Update, Spring 2014, Ready to take on the World!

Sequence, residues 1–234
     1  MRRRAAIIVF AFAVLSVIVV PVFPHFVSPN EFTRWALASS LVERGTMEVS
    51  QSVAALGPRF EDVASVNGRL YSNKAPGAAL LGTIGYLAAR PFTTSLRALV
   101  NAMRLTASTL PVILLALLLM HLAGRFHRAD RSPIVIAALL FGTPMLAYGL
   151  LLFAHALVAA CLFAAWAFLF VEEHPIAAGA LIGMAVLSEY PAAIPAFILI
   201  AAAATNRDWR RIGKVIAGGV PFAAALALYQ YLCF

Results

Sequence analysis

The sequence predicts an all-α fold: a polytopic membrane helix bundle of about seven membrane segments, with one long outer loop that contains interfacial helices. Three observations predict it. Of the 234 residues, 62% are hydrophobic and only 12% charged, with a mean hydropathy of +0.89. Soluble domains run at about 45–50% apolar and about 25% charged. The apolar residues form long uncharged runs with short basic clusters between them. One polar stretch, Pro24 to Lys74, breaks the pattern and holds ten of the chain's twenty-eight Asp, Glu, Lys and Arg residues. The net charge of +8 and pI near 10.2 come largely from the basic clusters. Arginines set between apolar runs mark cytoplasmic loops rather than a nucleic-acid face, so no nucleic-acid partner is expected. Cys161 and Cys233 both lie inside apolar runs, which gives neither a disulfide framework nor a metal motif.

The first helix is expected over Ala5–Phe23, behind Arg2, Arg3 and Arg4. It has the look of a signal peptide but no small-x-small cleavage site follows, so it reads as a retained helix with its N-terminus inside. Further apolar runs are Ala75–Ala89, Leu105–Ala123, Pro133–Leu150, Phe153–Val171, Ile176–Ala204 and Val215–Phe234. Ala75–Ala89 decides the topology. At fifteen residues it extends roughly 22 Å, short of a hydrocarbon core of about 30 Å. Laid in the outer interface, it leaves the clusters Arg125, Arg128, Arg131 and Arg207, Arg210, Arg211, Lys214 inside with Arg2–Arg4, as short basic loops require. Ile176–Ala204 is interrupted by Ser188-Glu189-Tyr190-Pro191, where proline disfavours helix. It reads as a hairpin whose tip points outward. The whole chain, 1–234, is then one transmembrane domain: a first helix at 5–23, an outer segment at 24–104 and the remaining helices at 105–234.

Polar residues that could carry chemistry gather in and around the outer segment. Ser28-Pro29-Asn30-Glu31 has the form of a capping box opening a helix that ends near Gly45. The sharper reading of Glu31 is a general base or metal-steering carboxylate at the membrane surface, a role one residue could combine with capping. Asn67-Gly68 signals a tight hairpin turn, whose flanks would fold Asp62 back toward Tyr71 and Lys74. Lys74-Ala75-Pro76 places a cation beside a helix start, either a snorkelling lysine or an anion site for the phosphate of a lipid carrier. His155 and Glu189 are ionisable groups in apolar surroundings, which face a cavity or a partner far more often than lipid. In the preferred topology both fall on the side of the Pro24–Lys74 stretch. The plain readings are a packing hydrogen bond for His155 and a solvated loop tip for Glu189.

UNC GILLINGS SPRING 2014 UPDATE Gillings Graduatesâ€“ Photo by Linda Kastleman Ready to Take on the World! s p r i n g 2 0 1 4 u p dat e 1 A letter from Dean Barbara K. Rimer Dear friends of the Gillings School of Global Public Health: 74 years and counting! On June 7, 1940, the new school of public health in North Carolina, our School, was born. Our fall issue of Carolina Public Health magazine will be a hefty one to enable us to look both backward and forward. For now, I will focus on academic year 2013–2014. Even so, much must be left out. Apologies to all the people I cannot mention by name. A list of promotions, appointments and a partial list of awards is on page 13. In 2013, thanks to a group of dedicated alumni, led by Roy Ramthun, MSPH, we began a two-year celebration that will culminate on June 7, 2015, our 75th birthday. On Oct. 15, we kicked off the celebrations with an event at the Levine Museum of the New South, in Charlotte, N.C., thanks to alumnus Fred Brown and Michael Tarwater, chief executive officer of Carolinas Healthcare. Fred announced a generous scholarship in honor of his uncles, the Brendle brothers. See photos from several of our anniversary events on pages 16–17. committed to impact We’re racing – to remain the top public school of public health; to attract the students we most want to attend the Gillings School, competing with a growing number of schools and programs, many of which have more full-ride scholarships than we do; to be awarded high-value grants and contracts in an increasingly scarce field (real NIH and other agencies’ dollars have declined); to retain outstanding faculty and staff members who are being recruited by other universities and organizations; to keep up with the pace of discovery and sheer content in the fields and topics we study and teach; and most of all, we’re in a race for impact—to make the world healthier, safer and greener. 2 g i l l i n g s s c h o o l o f g l o b a l p u b l i c h e a lt h 2 1 3 Staying on top 2 1 3 While we are enormously grateful to the people of North Carolina, our legislators and University leaders for support of this School, never have government grants and contracts and private philanthropy been more important. We are blessed by the generosity of so many of you. We’re excited that in FY13, you gave the School nine new endowed scholarships. In early June, we announced the R. Gary Rozier and Chester W. Douglass Distinguished Professorship, shared between the schools of public health and dentistry through the generosity of former dentistry professor Chet Douglass and his wife Joy. A generous grant from Blue Cross and Blue Shield of N.C. adds to our opportunity to improve the dental health of North Carolinians. thanking our friends We are grateful to the many alumni who give back to the School in hours of dedicated service through our departments, the Public Health Foundation Board, Alumni Association Governing Board (special thanks to two-time president and amazing woman Priscilla Guild, MSPH), and who serve so generously. Our School’s Advisory Council, chaired by Don Holzworth, Executive in Residence, has been a source of great advice and wisdom over the last few years, especially for The Water Institute and the growing group of public health entrepreneurs. We’re grateful to Ginger and John Sall for hosting our meetings at the spectacular SAS education center. (sas.com). 21st-century learning spaces 2 1 3 Students need comfortable, technology-equipped spaces, and we’re giving them places where they can relax, study, dream, meet and interact. Deniese Chaney, MPH, health policy and management alumna and member of our Public Health Foundation board, provided generous funding for a wonderful space in McGavran-Greenberg Hall. With plentiful electrical outlets, LCD screens and comfortable chairs, these spaces are always populated. We opened a state-of-the-art classroom in fall 2013. It’s designed for the way our faculty members teach and how students learn today—much more interactively, collaboratively and with electronics. Another model classroom will come online in fall 2014. Our facilities staff members are fabulous. S p r i n g 2 0 1 4 u p dat e 3 building our own gps The future happens faster than ever, especially on the Internet. We’ve been improving the School’s website (sph.unc.edu) and use of social media and are supporting a new Gillings Program Search (GPS) tool to make access easier for tech-savvy students. I’m grateful to the School’s technology and communications teams, content managers, student services managers, chairs and others who contributed substantively to the GPS’s development and these advancements. Special thanks to David Pesci and his team, Kathy Anderson and her team, many content managers and student services managers across the School, Elizabeth French and former special assistant to the dean Mae Beale for her work on the GPS (sph.unc.edu/gps). leading groundbreaking research 3 3 In spite of even greater tightening of paylines at NIH, CDC and other funding agencies, our faculty members received about $98 million in grant funding by the end of the third quarter of FY14, close to the previous few years. Our Center for Health Promotion and Disease Prevention (hpdp.unc. edu), under the leadership of nutrition professor Dr. Alice Ammerman, was refunded, and Dr. Kurt Ribisl, professor of health behavior, was awarded one of only 14 grants in the country to examine urgent issues related to e-cigarettes. So many of our faculty competed successfully for grants; we’re proud of them. speeding discoveries Like Dr. Ralph Baric, professor of epidemiology, who published a groundbreaking report about MERS just as the first U.S. case was announced (see tinyurl.com/PNAS-Baric-MERS), many faculty members are conducting cutting-edge research in fields we have only begun to understand. Dr. Michael Kosorok, W.R. Kenan Distinguished Professor and chair of biostatistics, leads a project to develop smart and smarter clinical trials methods so that effective new cancer drugs will get to patients faster. He and colleagues from UNC, Duke and N.C. State published more than 128 peer-reviewed papers in the first four years of their NCI-funded program project. 4 g i l l i n g s s c h o o l o f g l o b a l p u b l i c h e a lt h 2 1 3 Water, water, everywhere 2 1 After a little more than three years, our Water Institute, led by Dr. Jamie Bartram, Holzworth Distinguished Professor of environmental sciences and engineering, is now recognized as the go-to place for meetings of the best and most influential on urgent issues related to water and sanitation. (See waterinstitute.unc.edu.) Bartram and colleagues are doing critical research on many issues related to water access, availability and safety. 3 Global healthy aging 2 1 3 The growth of global aging populations has created what has been referred to as a cliff, as baby boomers adapt to the challenges of aging. Our goal is to help people stay healthy as long as possible in N.C. and around the world. In February, thanks to our two-year partnership with Cambridge University, to Dr. Dennis Gillings, CBE, who has supported the partnership with Cambridge, and to Dr. Michael Kafrissen, alumnus and Advisory Council member, and affiliated with MIT’s AgeLab, we jointly sponsored a groundbreaking meeting on global aging-in-place and technology. People came from all over the world, and even more people wanted to come. (More about key players at the aging summit is at sph.unc.edu/news/aging-summit.) Dennis Gillings, by the way, recently was named World Dementia Envoy by U.K. Prime Minister David Cameron to raise awareness and funds for research and a cure for dementias. There will be a lot more to say about this topic. Our faculty and students Several new faculty members joined the Gillings School this academic year, and we’re so glad they came. (See page 13.) I’m proud of recognition faculty members received from the University, including Dr. Marilie Gammon’s doctoral mentoring award from the Graduate School, Dr. Karl Umble’s undergraduate teaching award, and Bill Gentry’s Ned Brooks Award for public service. Our students won many awards; among the sweetest are the Graduate School’s Impact Awards, which recognize the positive impact of our students’ research on North Carolina and its people. Our students took home four of the 20 Impact Awards. S p r i n g 2 0 1 4 u p dat e 5 Leadership appointments We appointed Dr. Beth Mayer-Davis, an outstanding diabetes researcher, as chair of nutrition. Dr. Carolyn Halpern, an MCH professor and expert on adolescent sexual behaviors, will be interim chair of maternal and child health while we seek a permanent chair. We appointed Dr. Andy Olshan the Barbara Sorenson Hulka Distinguished Professor of Cancer Epidemiology. The search is underway for a director of the Gillings Global Gateway, our new one-stop location for all things global. I’m grateful to Julie MacMillan, MPH, for taking on the additional role of interim director and also to Susanne Moulton, JD, MPH, health policy and management alumna, who is serving as interim associate dean for SPH Advancement (formerly External Affairs). helping our entrepreneurs With help from Don Holzworth, Judith Cone (special assistant to UNC’s Chancellor Folt for innovation and entrepreneurship), Julie MacMillan and others, we’re helping our entrepreneurs to flourish. This past spring, we hosted representatives of the N.C. legislature, Board of Governors and Board of Visitors, and they all were impressed by the School’s focus on solutions and by the growing number of successful entrepreneurs who have taken their products and programs to new levels. 2 1 3 Urgency of implementation 1 A new course, the Gillings Implementation Lab, was led by Dr. Rohit Ramaswamy, in partnership with several other faculty members. The course introduces students to the emerging field of implementation science through didactic material presented online and problem-solving in field settings (this year, in Raleigh, N.C., and India). I was excited to hear the students’ final presentations. Half had collaborated with FHI360 in Delhi, and half intervened at Wake County (N.C.) Social Services. This is yet another example of the positive impact our students achieve, even while still in school. 2 3 This new course, and Dr. Bert Peterson’s work in implementing proven programs to reduce maternal and infant illnesses and deaths, are focused upon the urgency of implementation—applying what we know in sustainable 6 g i l l i n g s s c h o o l o f g l o b a l p u b l i c h e a lt h ways—to solve some of the world’s most pressing health problems. We could save millions of lives from scores of conditions and diseases if we could master the science and practice of implementation. Last year, we launched a new Consortium on Implementation Science, in partnership with RTI International. Dr. Bryan Weiner, professor of health policy and management, leads the UNC-Chapel Hill effort—and there’s a lot of talent in implementation science across the School. enjoying our 2014 Commencement the W e om ll Fr See the wonderful photos on page 15 (and at tinyurl.com/flickr-gillings-2014commence) that capture the joy of commencement. We were honored to have two-time alumna, Dr. Nicole Bates, as our speaker. She did a superb job! Dr. Atul Gawande, professor of health policy and management and surgery at Harvard, did a great job with the UNC Commencement remarks. to the world So much more The story of a year at the Gillings School unfolds with new chapters every day. There are many heroes —faculty and staff members who have persevered in spite of unrelenting budget cuts and lack of raises; students who venture far from their homes and comfort zones to solve problems; our nearly 18,000 alumni, who solve public health problems in every state and 100 countries; donors who believe in us and give generously. In the end, the biggest gift is providing resources that enable us, with you, to rewrite the sad stories of lives lost, communities without water, inequities endured and childhoods foregone—and to turn them into narratives of hope and dignity restored, resources gained, lives lengthened and independence enabled. Why? Because health is one of the most precious gifts in the world. Warm regards, S p r i n g 2 0 1 4 u p dat e 7 Gillings Students— Public Health Champions in North Carolina and the World! Your experiences here prepare you to solve the world’s greatest public health problems. You will be the leaders who must get water to billions, turn the tide on the obesity epidemic, figure out how to get quality health care to all people, reduce the incidence of cancer and infectious diseases and so much more. You’re amazing! I’m impressed by what you accomplish while you’re here and by your dreams for the future. — Barbara K . Rimer , D rP H (Left) Lacey English, health behavior master’s student, received a Fulbright fellowship to address children’s malnutrition in Sierra Leone next year. (Above) Environmental sciences and engineering doctoral candidate Anne Galyean not only is forging new paths in nanochemistry—she’s also a world-class downhill mountain biker. 8 g i l l i n g s s c h o o l o f g l o b a l p u b l i c h e a lt h Creative. Innovative. Dedicated. Focused. ' Researchers who tackle problems in local communities These are just a few of the adjectives that describe Gillings students. Of note are: to improve health in North Carolina and globally; ' Our local and global entrepreneurs, including Dr. Nabarun ' Health policy and management students, who Dasgupta, Alice Wang, Liz Morris, Allison Myers and Liz Chen, who respectively have labored on behalf of preventing deaths from prescription opioid use, delivering clean drinking water, providing portable devices to improve sanitation, counteracting the sale of tobacco products, and educating about sexual behavior and diseases; consistently win prizes in case competitions, applying classroom lessons to real-life challenges in hospitals and other health-related settings; and ' All our students, who through capstone and other partnerships with community individuals and agencies, use their heads, hands and hearts to educate, serve and make others’ lives better. Each year, competition is fierce for the prestigious Universitywide Impact Awards, and this year, public health students received four of 20 presented. We’re proud of the 2014 awardees—(l–r) Paul Gilbert (health behavior), Lindsey HaynesMaslow (health policy and management), Cynthia Lin (epidemiology) and Jennifer Poti (nutrition). Awardee Kari Debbink (microbiology and immunology, not pictured) works in Dr. Ralph Baric’s lab at the Gillings School. 1 3 1 2 4 1. Jennifer Moore, Christopher Coughlin and Callan Blough (l-r) took first prize at the University of Alabama at Birmingham case competition this year, an event at which our HPM students are usually finalists. 2. Sally Bogus, Cleveland Clinic chief executive officer Dr. Delos Cosgrove, Daniel Douthit and Alison Cary-Coleman (l-r) celebrate the students’ first-place win at the inaugural Cleveland Clinic Case Competition in Ohio. 3. Biostatistics students Thomas Stewart, Qian Liu, Xiaoxi Liu, Ai (Andy) Ni, Fang-Shu Ou and Jing Zhou received awards for their research at the spring meeting of the International Biometric Society’s Eastern North American Region (ENAR). 5 4. The Student Global Health Committee treated a large audience to their inaugural GillingsX talks, Why Not Now? Innovative Ideas from Students Who Refused to Wait. Modeled on the TED talks (TED.com), the energetic presentations dealt with a number of public health topics. Pictured are event planners and speakers. 5. A gift from alumna Deniese Chaney (standing, right) and her husband Edward provided Gillings students with a comfortable, vibrant, technologically equipped collaboration and study space. Chaney is principal at Accenture Health and Public Service. Behind her is the School’s glass-walled 21stcentury classroom, where students enjoy natural lighting and have access to cutting-edge technological tools. S p r i n g 2 0 1 4 u p dat e 9 Our Faculty— Shaping Policy Through Research and Evidence In fall 2013, the U.S. Food and Drug Administration and National Institutes of Health awarded Dr. Kurt Ribisl (professor, health behavior) a five-year, $20 million grant to study issues related to tobacco prevention communication and regulation of e-cigarettes. “The goal is to inform and shape how the FDA regulates tobacco products by doing high-impact research that ultimately will help reduce tobacco use,” Ribisl says. “Despite decades of work to reduce tobacco use in the U.S., it continues to be the leading cause of preventable death and disease.” Ribisl also is co-founder, with student Allison Myers, of CounterTools.org. 10 g i l l i n g s s c h o o l o f g l o b a l p u b l i c h e a lt h In any given academic year, our faculty members provide thousands of hours of service to North Carolinians. They collaborate in laboratories and lead groundbreaking research on MERS and other emerging infections. They’re helping rural hospitals survive. They develop and test new statistical methods that change the way clinical trials are conducted – increasing the likelihood that proven medications will get to patients sooner. They’re reducing stroke deaths in North Carolina and maternal and infant deaths in Africa. They convene people from around the world to solve challenges associated with water and sanitation. They have organized an all-out attack on cancer in North Carolina, preventing diabetes in American Indian populations, partnering with colleagues from Cambridge to Malawi. They are on prestigious committees of the NIH, Institute of Medicine, NGOs, WHO and many other organizations. And that’s just —B a rba ra K . R im e r , D r P H the tip of the iceberg. Drs. Anita Farel (far left), Suzanne Hobbs (not pictured) and Rohit Ramaswamy (second from right) taught a unique, interdisciplinary, field-based course this spring – the Gillings Global Implementation Lab. Students designed and implemented solutions to complex problems in a health department setting in Wake County, N.C., and an FHI360-led sexual disease prevention program in India. The Wake County group implemented changes that reduced patients’ waiting time in STD clinics. Drs. Lorraine Alexander (left) and Karin Yeatts led one of UNC’s first five Massive Online Open Courses (MOOCs) this spring. About 27,632 students enrolled, and more than 3,050 students from N.C., 17 other states and 45 countries completed course requirements. S p r i n g 2 0 1 4 u p dat e 11 (Above, left) Dr. Marilie Gammon, epidemiology professor, received the Faculty Award for Excellence in Doctoral Mentoring at UNCâ€™s 2014 doctoral hooding ceremony. (Above, right) In partnership with Insect Shield, a North Carolina company, epidemiology professor Dr. Steven Meshnick and recent alumna Dr. Meagan Vaughn (pictured) studied repellent-treated clothing and found it reduced by 80 percent the number of tick bites endured by outdoor workers in North Carolina. (Left) Epidemiologist Dr. Ralph Baricâ€™s study of the Middle East Respiratory Syndrome coronavirus (MERS-CoV), published April 28 in Proceedings of the National Academy of Sciences, was timely. The first suspected case of the virus in the U.S. appeared days later. The 2014 Teaching Innovation Award winners were (l-r) Dr. Karl Umble, Lori Evarts, Amanda Holliday, Dr. Lew Margolis, Dr. Beth Moracco, Dr. Rebecca Fry and Kathy Roggenkamp. Not pictured: Dr. Steve Cole. 12 g i l l i n g s s c h o o l o f g l o b a l p u b l i c h e a lt h Dr. Beth Mayer-Davis, nutrition chair (in red, above), cochairs the national SEARCH for Diabetes in Youth study. Her diabetes research produced two recent studies. One, in Pediatrics, found unacceptably high levels of diabetic ketoacidosis (DKA) in youth with diabetes. Another, in JAMA, found that Type 1 and Type 2 diabetes increased significantly between 2001 and 2009. Appointments o Carolyn Halpern, PhD – Interim chair, maternal and child health o Julie MacMillan, MPH – Interim executive director of the Gillings Global Gateway (formerly Office of Global Health) o Elizabeth Mayer-Davis, PhD – Chair, nutrition o Sandy Moulton, JD, MPH – Interim associate dean for SPH Advancement (formerly External Affairs) o Andrew Olshan, PhD – Barbara Sorenson Hulka Distinguished Professor of Cancer Epidemiology Promotions o Dr. Jeannette Bensen (research associate professor, EPID) o Dr. William Carpenter (associate professor, HPM) o Dr. Stephanie Engel (associate professor, EPID) o Dr. Rebecca Fry (associate professor, ESE) o Dr. Jacqueline Gibson (associate professor, ESE) o Dr. Mark Holmes (associate professor, HPM) o Dr. Michael Hudgens (associate professor, BIOS) o Dr. Yufeng Liu (professor, BIOS) o Dr. Jane Monaco (clinical associate professor, BIOS) o Dr. John Paul (clinical professor, HPM) o Dr. Bryce Reeve (research professor, HPM) o Dr. Todd Schwartz (research associate professor, BIOS) o Dr. Jennifer Smith (associate professor, EPID) o Ms. Melanie Studer (clinical assistant professor, HPM) o Dr. Miroslav Styblo (professor, NUTR) o Dr. Wei Sun (associate professor, BIOS/GEN) o Dr. Karl Umble (clinical assistant professor, HPM) o Dr. Jason West (associate professor, ESE) RECOGNITIONS AND AWARDS dr. Vic Schoenbach dr. Linda Adair American Society of Nutrition’s Kellogg Prize MLK Unsung Hero Award for championing diversity dr. Peggy Bentley dr. David Weber elected to the board of directors of the Consortium of Universities for Global Health Bernard G. Greenberg Alumni Endowment Award for Excellence New faculty o o o o o o o o o o o o o o o o o o o o o Dr. Robert Agans (clinical associate professor, BIOS) Dr. Allison Aiello (professor, EPID) Dr. Brian Bennett (assistant professor, NUTR) Dr. Kyle Burger (assistant professor, NUTR) Dr. Folami Ideraabdullah (assistant professor, NUTR) Dr. Lucia Leone (research assistant professor, NUTR) Dr. Jennifer Lund (assistant professor, EPID) Dr. Hazel Nichols (assistant professor, EPID) Dr. Vivian Go (associate professor, HB) Dr. Steve Hursting (professor, NUTR) Dr. Anne Marie Meyer (research assistant professor, EPID) Dr. Kate Muessig (assistant professor, HB) Dr. Michael Piehler (associate professor, ESE) Dr. Brian Pence (assistant professor, EPID) Dr. Kimberly Powers (assistant professor, EPID) Dr. Paula Song (associate professor, HPM) Ms. Catherine Sullivan (clinical instructor, MCH) Dr. Justin Trogdon (assistant professor, HPM) Dr. V. Sarajo Voruganti (assistant professor, NUTR) Dr. Daniel Westreich (assistant professor, EPID) Dr. Zhenfa Zhang (research assistant professor, ESE) Bill Gentry Ned Brooks Award for Public Service dr. Daniel Westreich Society of Epidemiologic Research’s Early Career Award dr. Lewis Margolis The McGavran Award for Excellence in Teaching dr. Steve Wing John E. Larsh Award for Mentorship S p r i n g 2 0 1 4 u p dat e 13 The Gillings School— A Community Thriving on Discourse and Innovation d Our annual Word of Difference dinner, held each fall, celebrates our most generous donors. d In January, nearly two dozen leaders from the N.C. Senate and House of Representatives visited the School to learn about faculty members’ research. d In February, the School hosted Her Excellency Tebelelo Seretse, Botswana’s ambassador to the U.S., who spoke to students and faculty members about Botswana’s history and its quarter-century experience with HIV/AIDS. d The Feb. 10 Global Aging and Technology Summit brought together guest speakers from Cambridge, U.K., and Cambridge, Mass. (MIT’s AgeLab), to discover ways technology can ease public health problems related to aging. d The 35th annual Minority Health Conference was a great success, with about 500 people attending and nearly that many participating online. Co-chairs Charla Hodges and Maryka Lier selected keynote speaker Dr. Gail C. Christopher, vice president for program strategy at W.K. Kellogg Foundation, who gave a stirring talk about innovative approaches to youth health. d New members of UNC’s Board of Governors toured the School in March, learning about environmental sciences and engineering’s smog chamber and other research being conducted at the School. 14 g i l l i n g s s c h o o l o f g l o b a l p u b l i c h e a lt h Each year, the Armfield Atrium is transformed by Jerry Salak and others for the School’s World of Difference Dinner. d In April, alumnus Dr. Greg Allgood, advocate for clean drinking water globally, presented the 2014 Foard Lecture. Learn more at www.sph.unc.edu/foard. d The Water Institute at UNC hosted three impressive international conferences in 2013-2014. The fourth annual fall conference, Water and Health: Where Science Meets Policy, held Oct. 14-18, 2013, and attended by more than 500 people, was followed by Nexus 2014: Water, Food, Climate and Energy (March 5-8, 2014) and Water Microbiology (May 5-7, 2014). The fall 2014 Water and Health conference is scheduled for Oct. 13-17. Learn more at whconference.unc.edu. 9 2 1 8 3 7 There is always something to do at Gillings! The program offers a wide variety of courses and hands-on field experiences. As an international student, I benefitted from seminars with public health leaders and other visitors to the School and received faculty mentoring that exposed me to the breadth and significance of public health as a career option. Academic and extracurricular activities offered the right blend of learning. â€” Lakshmi Gopalakrishnan, MPH (MCH, 2014) 6 5 4 (1) Dr. Will Vizuete describes his research to the UNC Board of Governors. (2) A guest studies a poster at a Water Institute conference. (3) Minority Health Conference co-chairs Charla Hodges (l) and Maryka Lier (r) with keynote speaker Dr. Gail Christopher. (4) Liz Morris tells UNC Board of Visitors about the Dungaroo. (5) Alumna Dr. Nicole Bates gave the Schoolâ€™s 2014 Commencement address. (6) Scholarship awardee Cara Person speaks at the World of Difference dinner. (7) Drs. Mike Kafrissen (l) and Joe Coughlin, from MIT AgeLab, at the Aging and Technology Conference. (8) Dr. Greg Allgood gives the Foard Lecture. (9) Attendees converse at a Water Institute conference. S p r i n g 2 0 1 4 u p dat e 15 Celebrating 75 Years! This year, I’ve traveled with our Advancement staff (formerly External Affairs), faculty members, chairs and others to a number of 75th-anniversary events. We’ve been honored to meet and reconnect with so many alumni. Several became emotional when they recounted how a faculty member found support for them when they otherwise might not have been able to attend our School. I was particularly moved to talk with Dr. Ira Laster at our Washington, D.C., event. He had been at the School when AfricanAmericans could not take our health education classes on campus but took classes instead with our faculty members at what is now N.C. Central University. Phyllis Verhalen, wife of alumnus Dr. Robert Verhalen, recalled that the School once was small enough for all our students, staff and faculty members to enjoy a picnic on the front steps of Rosenau Hall. Now, we often gather to celebrate in our wonderful Armfield Atrium, a place of calm and peace (that can be transformed into a bustling social scene) that unites the mature Rosenau, the middle-aged McGavran-Greenberg and the youthful Michael Hooker buildings. They come from different eras, but each building is united, as are the people who inhabit them, in common purpose. —Barbara K . Rimer , D rP H The Gillings School’s 75th anniversary presents a unique opportunity to celebrate achievements, reconnect with faculty, students and alumni, and give thanks for the opportunity to shape the history of public health. We hope you will take advantage of this opportunity. Renew your Carolina spirit by sharing your time and resources. Let’s continue the School’s tradition of excellence for the next 75 years! — Roy J. Ramthun ( M SPH, H P M , ’87 ) Chair, 75th Anniversary Campaign Cabinet Alumni and friends attended an anniversary event at the Levine Museum of the New South, in Charlotte, N.C., made possible by a gift from Carolinas HealthCare. 16 g i l l i n g s s c h o o l o f g l o b a l p u b l i c h e a lt h 2 1 3 4 6 7 10 11 5 8 9 12 (1) Deborah Lin, George Karageorgiou, Greg Mascavage, Lee Katherine Ayer and Chris Del Grosso enjoyed getting together in Chicago. (Photo by Tom Wong) (2) Retired biostatistics professor Dr. Larry Kupper, Joan Gillings, Dean Barbara K. Rimer, and Joy and Chet Douglass (l-r) celebrated at the Boston alumni event. (3) Interim health policy and management chair Dr. Sandra Greene (l) chatted with Michael Tarwater, chief executive officer of Carolinas HealthCare, in Charlotte, N.C. (4) Alumna Briana Webster (l) and friend Talisha Lee loved coming to the Washington event at the National Geographic Museum. (5) Roslyn Jonson (second from left), president of the D.C.-area chapter of the School’s Alumni Association, gathered with friends at the D.C. event. (6) Byron Bullard, Mary Webster, and Laura and Fred Brown (l-r) greeted guests at the Levine Museum of the New South, in Charlotte. (7) Dr. Joan Huntley applauded a presentation at the Charlotte event. (8) Dr. Kathleen Kaney, 2013 Public Health Executive Leadership alumna, spoke in Charlotte about her education. (9) Health behavior chair Dr. Leslie Lytle (l) and Natalie Legrand listened attentively to a speaker at the Charlotte event. (10) Bob Vollinger, Kevin Harlen, Brenda Edwards and Kelly Keisling enjoyed each other’s company at the D.C. event. (11) Trey Crabbe gave a talk to guests at the Hard Rock Café event in Chicago. (Photo by Tom Wong) (12) Richard and Judy Vinroot caught up with Dean Barbara K. Rimer in Charlotte. S p r i n g 2 0 1 4 u p dat e 17 Our Alumni are Difference-Makers Across the State, the Nation and the World Our club is free! All public health graduates are automatic members of the School’s Alumni Association. Our nearly 18,000 members live and work in all 100 North Carolina counties, all 50 states and more than 100 countries. The Association aims to be an engaged partner of the nation’s premier School of Global Public Health, to enhance the School and its communities as leaders in public health education, service and research – and to maximize the connections among current students and those who have come before. Learn more and get involved – email firstname.lastname@example.org or call (919) 966-0198. Dr. David Goldsmith, UNC epidemiology alumnus and adjunct associate professor of human science at Georgetown University, received a Fulbright award to serve as a visiting chair in the University of Manitoba’s Faculty of Medicine. Goldsmith will study community attitudes about hydraulic fracturing and study Canadians’ access to treated water and sewage facilities. Alumnus Dr. Derrick Matthews (pictured) and doctoral student Joseph Lee found the first statewide evidence that lesbian, gay and bisexual people in N.C. have poorer health than do their straight counterparts. The study was published in the American Journal of Public Health. Dr. Jeanne Lambrew, health policy and management alumna, director of the U.S. Department of Health and Human Services’ Office of Health Reform, and an architect and advocate for the Affordable Care Act, accepted an alumna award from the Department of Health Policy and Management. 18 g i l l i n g s s c h o o l o f g l o b a l p u b l i c h e a lt h Dr. Kelly Weidenbach, a 2013 health policy and management alumna, has been named executive director of the CasperNatrona County Health Department in Casper, Wyo. Dr. Jay M. Bernhardt, 1999 health behavior alumnus, was named founding director of The Center for Health Communication at The University of Texas at Austin is Moody College of Communication. Dr. Marjorie Aelion, dean of the School of Public Health and Health Sciences at the University of Massachusetts at Amherst, received the 2014 Harriet Hylton Barr Distinguished Alumni Award. Photos by Linda Kastleman Commencement 2014! See more at tinyurl.com/ďŹ‚ickr-gillings-2014-commence. s p r i n g 2 0 1 4 u p dat e 19 Nonprofit Organization US Postage PAID The u n i v e r s i t y of n o rt h c a ro l i n a at c h a p e l h i l l CAMPUS BOX 7400 CHAPEL HILL, NC 27599-7400 Save the dates for these upcoming alumni events: Nov. 6 Chapel Hill, N.C. The 2014 World of Difference Dinner celebrates alumni and friends who give $1,000+ annually to the School or its departments and programs. Nov. 17 New Orleans, La. In conjunction with the APHA annual meeting; to be held at the National World War II Museum. For more information, visit sph.unc.edu/alumni/75 or call (919) 966-0198. Permit #177 Chapel Hill, NC